LONDON – Russian President Vladimir Putin has decided to wage a winter war of attrition against Ukraine, targeting its civilian population in an attempt to starve and freeze the country into submission. In light of this dangerous escalation, the West must heed Ukrainian President Volodymyr Zelensky’s urgent plea for additional support.
To be sure, supplying the Ukrainian military with weapons beyond anti-tank and anti-aircraft missiles walks the fine line that US President Joe Biden and NATO drew between defensive assistance and active involvement. But the United Kingdom and the United States could help to pressure Russia by joining those countries who are calling for a special international tribunal to investigate and indict Putin and his entire Security Council for their war of aggression, as Ukraine has requested.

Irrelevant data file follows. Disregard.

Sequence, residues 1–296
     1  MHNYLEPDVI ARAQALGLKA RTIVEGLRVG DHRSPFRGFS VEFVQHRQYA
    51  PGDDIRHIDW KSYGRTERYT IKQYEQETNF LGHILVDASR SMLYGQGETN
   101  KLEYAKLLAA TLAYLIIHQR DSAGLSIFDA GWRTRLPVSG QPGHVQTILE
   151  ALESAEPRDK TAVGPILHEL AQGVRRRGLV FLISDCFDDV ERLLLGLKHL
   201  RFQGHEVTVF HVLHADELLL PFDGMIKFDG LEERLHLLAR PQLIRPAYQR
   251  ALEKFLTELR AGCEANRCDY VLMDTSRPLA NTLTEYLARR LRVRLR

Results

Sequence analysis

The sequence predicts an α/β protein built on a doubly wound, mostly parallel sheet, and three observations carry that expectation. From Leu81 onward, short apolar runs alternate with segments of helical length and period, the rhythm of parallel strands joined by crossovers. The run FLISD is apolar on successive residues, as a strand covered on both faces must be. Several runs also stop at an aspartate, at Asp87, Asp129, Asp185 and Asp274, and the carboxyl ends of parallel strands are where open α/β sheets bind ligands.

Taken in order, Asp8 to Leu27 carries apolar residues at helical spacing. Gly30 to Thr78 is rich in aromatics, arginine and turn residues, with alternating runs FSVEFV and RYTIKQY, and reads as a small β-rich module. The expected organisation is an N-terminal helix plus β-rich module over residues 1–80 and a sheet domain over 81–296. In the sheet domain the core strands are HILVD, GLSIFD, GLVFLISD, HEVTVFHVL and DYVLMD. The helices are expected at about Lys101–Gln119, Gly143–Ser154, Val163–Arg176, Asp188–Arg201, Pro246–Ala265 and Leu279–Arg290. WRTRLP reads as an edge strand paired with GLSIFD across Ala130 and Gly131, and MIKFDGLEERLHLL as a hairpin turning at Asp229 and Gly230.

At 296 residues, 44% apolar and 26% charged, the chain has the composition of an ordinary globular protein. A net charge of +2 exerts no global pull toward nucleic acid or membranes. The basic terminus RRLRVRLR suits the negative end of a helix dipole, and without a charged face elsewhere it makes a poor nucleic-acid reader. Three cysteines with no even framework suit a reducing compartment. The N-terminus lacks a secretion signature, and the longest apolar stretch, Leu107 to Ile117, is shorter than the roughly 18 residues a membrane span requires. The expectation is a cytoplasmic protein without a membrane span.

International human-rights lawyers have been pressing for a special tribunal to be established since the outset of the war in Ukraine. But the Dutch government’s recent announcement that it supports the creation of an interim prosecutor’s office and would be willing to host the tribunal, together with the European Union’s support for a specialized court to investigate and prosecute Russia’s invasion, represents a breakthrough. With the process of gathering evidence well underway, the US and the UK must back the effort to prosecute Putin and his accomplices for their crime of aggression.